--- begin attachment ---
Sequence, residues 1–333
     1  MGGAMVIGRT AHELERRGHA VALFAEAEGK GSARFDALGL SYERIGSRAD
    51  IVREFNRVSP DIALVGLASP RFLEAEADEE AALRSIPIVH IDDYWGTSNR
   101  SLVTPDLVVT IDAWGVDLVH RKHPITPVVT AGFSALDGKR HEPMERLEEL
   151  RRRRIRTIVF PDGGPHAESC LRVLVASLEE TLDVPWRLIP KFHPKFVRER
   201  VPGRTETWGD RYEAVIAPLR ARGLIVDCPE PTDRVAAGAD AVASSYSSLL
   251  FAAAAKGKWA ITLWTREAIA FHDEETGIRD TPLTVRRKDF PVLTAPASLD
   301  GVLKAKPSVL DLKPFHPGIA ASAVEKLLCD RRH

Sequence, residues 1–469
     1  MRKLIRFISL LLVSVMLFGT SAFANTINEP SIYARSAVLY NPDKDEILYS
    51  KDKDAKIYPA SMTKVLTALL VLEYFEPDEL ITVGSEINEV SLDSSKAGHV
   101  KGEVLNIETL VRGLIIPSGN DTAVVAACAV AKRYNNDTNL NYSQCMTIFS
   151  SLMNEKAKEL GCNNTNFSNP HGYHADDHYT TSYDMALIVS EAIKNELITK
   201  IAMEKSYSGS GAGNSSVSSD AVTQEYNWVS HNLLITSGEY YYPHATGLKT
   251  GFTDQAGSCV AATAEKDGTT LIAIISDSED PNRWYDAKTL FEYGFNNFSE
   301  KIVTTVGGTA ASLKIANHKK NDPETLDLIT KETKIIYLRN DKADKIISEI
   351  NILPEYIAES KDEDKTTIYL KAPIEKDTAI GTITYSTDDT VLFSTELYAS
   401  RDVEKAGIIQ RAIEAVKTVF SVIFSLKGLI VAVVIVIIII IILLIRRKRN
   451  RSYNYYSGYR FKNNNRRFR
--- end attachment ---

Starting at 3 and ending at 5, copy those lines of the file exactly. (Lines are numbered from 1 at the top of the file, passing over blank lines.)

    51  IVREFNRVSP DIALVGLASP RFLEAEADEE AALRSIPIVH IDDYWGTSNR
   101  SLVTPDLVVT IDAWGVDLVH RKHPITPVVT AGFSALDGKR HEPMERLEEL
   151  RRRRIRTIVF PDGGPHAESC LRVLVASLEE TLDVPWRLIP KFHPKFVRER